Here is the criminal legal process from arrest to final court days
A Lancaster man with a past conviction for killing a man was sentenced to life in prison late Thursday after a jury convicted him of murder in the shooting death of a police officer’s brother.
Demarcus Obrien Foster, 31, was convicted of killing of Joel McLemore after a four-day trial at the Lancaster County Courthouse that ended with a guilty verdict around 9 p.m., according to court officials and court records.
Visiting Judge Roger Henderson sentenced Foster to life without parole.
Foster is not eligible for parole because of his past convictions for manslaughter and other felonies, court records show.
McLemore, 29, was standing on a porch on 16th Street in Lancaster on Sept. 27, 2017, when he was shot in the head. He died a few days later.
McLemore was the younger brother of Ryan McLemore, a drug unit supervisor with the Lancaster County Sheriff’s Office.
Foster, now convicted of killing Joel McClemore, was out on bond for several drug, weapons and other charges at the time that he shot McLemore, according to court records.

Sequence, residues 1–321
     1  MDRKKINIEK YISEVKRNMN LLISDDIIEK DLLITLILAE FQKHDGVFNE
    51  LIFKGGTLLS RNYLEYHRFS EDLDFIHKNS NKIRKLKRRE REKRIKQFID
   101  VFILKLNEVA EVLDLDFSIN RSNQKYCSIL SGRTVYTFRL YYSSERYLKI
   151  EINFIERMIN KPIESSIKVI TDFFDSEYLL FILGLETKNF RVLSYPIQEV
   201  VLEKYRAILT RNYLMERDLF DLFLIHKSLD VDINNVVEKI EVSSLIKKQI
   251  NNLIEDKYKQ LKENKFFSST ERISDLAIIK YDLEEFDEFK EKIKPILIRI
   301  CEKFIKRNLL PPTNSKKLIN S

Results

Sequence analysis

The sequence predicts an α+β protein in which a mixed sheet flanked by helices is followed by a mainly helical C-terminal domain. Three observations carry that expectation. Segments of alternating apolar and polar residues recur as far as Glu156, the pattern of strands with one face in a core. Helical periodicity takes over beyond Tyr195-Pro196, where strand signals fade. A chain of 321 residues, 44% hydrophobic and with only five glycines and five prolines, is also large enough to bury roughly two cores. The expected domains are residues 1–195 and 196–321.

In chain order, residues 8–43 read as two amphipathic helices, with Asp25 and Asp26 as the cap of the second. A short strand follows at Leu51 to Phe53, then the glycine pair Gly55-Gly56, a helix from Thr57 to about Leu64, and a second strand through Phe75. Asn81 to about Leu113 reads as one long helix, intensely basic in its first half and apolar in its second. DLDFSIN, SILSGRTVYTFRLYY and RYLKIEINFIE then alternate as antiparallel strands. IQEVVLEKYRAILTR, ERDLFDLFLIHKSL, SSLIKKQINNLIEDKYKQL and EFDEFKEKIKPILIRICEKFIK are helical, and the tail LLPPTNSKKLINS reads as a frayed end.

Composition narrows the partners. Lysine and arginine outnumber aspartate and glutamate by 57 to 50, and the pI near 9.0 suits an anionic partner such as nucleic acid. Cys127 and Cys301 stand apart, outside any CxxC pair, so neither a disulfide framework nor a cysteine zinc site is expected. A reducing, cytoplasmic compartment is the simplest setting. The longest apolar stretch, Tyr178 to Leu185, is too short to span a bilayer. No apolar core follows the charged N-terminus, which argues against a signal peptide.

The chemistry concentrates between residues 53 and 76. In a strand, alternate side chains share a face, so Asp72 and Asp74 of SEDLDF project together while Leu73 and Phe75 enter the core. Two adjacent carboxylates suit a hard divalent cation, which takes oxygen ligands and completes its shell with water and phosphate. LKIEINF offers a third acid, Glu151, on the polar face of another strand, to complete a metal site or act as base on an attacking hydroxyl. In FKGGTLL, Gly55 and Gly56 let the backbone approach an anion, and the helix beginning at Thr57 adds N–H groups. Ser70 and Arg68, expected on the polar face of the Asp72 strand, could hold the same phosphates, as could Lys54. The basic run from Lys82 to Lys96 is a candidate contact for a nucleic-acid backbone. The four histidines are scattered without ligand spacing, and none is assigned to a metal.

Because of the victim’s connection to Lancaster police agencies and prosecutors, the S.C. Attorney General’s office took over prosecution of the case and handled Foster’s trial. The case was tried by Senior Assistant Attorney General Heather Weiss, along with Assistant Attorney General Jerrod Fussnecker.
After the verdict, Weiss praised the jurors and the Lancaster community for its stand against violence.
“I feel like the jury’s verdict speaks for us,” Weiss said in a statement to The Herald. “This was a senseless tragedy.”
Foster, now convicted of a second killing, has spent two previous stretches in South Carolina prisons.
In 2016, Foster finished probation after pleading guilty to voluntary manslaughter where he received an eight-year sentence. Foster killed his cousin in 2006 after a card game dispute.
That manslaughter plea came after Foster had served eight years in prison for York County drug, weapon and assault convictions from 2008, records from the State Law Enforcement Division show.
Foster also was convicted of possession of a weapon during a violent crime, and possession of a gun by a convicted felon. Sentences for those crimes will run concurrent with his life sentence for the murder of McLemore.
Foster’s lawyer, Mark Grier of the 6th Circuit Public Defender’s Office, said Foster maintains his innocence and will appeal the verdict.
“My heart goes out to the victim’s family and my client’s family,” Grier said Friday. “Everyone is heartbroken.”